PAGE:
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Industry & alumni


Mechanical CPR for Broader Dissemination

Good quality CPR is a significant factor in survival from Sudden Cardiac Arrest (SCA). There are more than 356,000 out-of-hospital cardiac arrests annually in the U.S., nearly 90% of them fatal. Delivery of high quality chest compressions is difficult, often inconsistent, subject to responder fatigue and practically challenging. Mechanical CPR (mCPR) can improve CPR quality and also increase the safety for responders who are often trying to do manual CPR in a moving ambulance without seat belts. Current mechanical devices on the market are big, bulky, and very expensive. There is a need for a mechanical CPR device that performs equivalent to those currently on the market (both downward and upward pressure) but at 1/2 to 1/3 the cost/price. The student team created a mechanical CPR device that is easy to apply, size inclusive, provides added security, is compatible with AED and IV, is rapidly removable, and is optimized for weight.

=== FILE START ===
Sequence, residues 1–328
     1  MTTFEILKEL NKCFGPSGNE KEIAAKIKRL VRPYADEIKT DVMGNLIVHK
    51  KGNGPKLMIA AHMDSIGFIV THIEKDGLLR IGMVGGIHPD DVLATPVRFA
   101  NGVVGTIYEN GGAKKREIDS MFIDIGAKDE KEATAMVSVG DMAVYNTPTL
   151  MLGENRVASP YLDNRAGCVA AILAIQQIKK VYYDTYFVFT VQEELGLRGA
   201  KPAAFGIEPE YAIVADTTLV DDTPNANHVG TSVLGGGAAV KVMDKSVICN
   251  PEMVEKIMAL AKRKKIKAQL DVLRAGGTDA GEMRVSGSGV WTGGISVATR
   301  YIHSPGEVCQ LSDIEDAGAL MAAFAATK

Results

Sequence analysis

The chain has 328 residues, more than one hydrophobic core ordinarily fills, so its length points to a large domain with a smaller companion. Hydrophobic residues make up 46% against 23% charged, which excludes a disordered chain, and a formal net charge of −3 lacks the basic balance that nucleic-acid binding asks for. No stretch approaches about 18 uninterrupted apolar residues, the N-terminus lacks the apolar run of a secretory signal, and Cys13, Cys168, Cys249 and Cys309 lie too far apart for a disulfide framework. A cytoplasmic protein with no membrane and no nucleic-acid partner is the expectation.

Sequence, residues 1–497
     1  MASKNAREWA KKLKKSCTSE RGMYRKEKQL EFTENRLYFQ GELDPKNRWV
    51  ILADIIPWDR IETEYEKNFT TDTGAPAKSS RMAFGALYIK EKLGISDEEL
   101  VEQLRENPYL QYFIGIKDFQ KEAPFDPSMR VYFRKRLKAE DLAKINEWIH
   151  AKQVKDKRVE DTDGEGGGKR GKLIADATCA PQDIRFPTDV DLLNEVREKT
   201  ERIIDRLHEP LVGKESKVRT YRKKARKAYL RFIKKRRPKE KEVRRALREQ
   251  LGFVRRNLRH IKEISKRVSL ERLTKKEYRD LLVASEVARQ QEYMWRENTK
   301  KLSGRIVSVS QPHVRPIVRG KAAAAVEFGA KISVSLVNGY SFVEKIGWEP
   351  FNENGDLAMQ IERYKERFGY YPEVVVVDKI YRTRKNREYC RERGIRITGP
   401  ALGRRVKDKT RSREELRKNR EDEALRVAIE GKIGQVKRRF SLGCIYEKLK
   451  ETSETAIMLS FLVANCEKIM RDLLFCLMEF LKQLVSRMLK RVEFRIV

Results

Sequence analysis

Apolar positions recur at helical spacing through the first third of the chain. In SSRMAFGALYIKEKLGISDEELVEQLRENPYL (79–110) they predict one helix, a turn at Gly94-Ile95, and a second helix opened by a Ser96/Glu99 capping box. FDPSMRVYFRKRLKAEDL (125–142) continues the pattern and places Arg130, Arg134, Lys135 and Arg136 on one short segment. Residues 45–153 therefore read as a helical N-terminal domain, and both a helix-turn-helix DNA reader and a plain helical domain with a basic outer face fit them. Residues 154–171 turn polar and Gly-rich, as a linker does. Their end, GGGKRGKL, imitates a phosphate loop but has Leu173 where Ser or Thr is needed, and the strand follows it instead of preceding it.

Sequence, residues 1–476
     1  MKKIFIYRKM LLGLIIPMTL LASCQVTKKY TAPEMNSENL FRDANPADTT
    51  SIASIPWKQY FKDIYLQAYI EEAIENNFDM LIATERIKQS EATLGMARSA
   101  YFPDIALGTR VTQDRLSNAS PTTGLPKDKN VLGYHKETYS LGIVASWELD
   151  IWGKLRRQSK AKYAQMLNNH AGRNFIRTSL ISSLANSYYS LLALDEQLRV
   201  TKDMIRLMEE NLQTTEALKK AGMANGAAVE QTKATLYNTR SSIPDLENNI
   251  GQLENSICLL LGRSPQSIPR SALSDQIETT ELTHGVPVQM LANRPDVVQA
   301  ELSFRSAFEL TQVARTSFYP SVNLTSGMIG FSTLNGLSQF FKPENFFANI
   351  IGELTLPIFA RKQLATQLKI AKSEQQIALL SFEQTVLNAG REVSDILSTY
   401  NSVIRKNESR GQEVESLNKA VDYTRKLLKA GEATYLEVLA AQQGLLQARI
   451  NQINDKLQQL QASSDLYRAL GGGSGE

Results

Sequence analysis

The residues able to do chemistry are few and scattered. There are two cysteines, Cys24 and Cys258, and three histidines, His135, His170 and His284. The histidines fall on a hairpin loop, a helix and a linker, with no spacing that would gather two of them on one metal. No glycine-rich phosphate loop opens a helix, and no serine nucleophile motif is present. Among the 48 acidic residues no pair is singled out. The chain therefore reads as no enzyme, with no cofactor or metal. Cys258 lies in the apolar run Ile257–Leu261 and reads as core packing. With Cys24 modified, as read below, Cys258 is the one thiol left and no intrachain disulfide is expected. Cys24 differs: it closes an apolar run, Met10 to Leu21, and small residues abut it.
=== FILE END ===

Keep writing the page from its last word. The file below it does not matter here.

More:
Faculty Adviser

Per Reinhall, Mechanical Engineering


Dylan Sun
Eric Jeong
Nina Mao
Olivia Hurd
Sara Schultz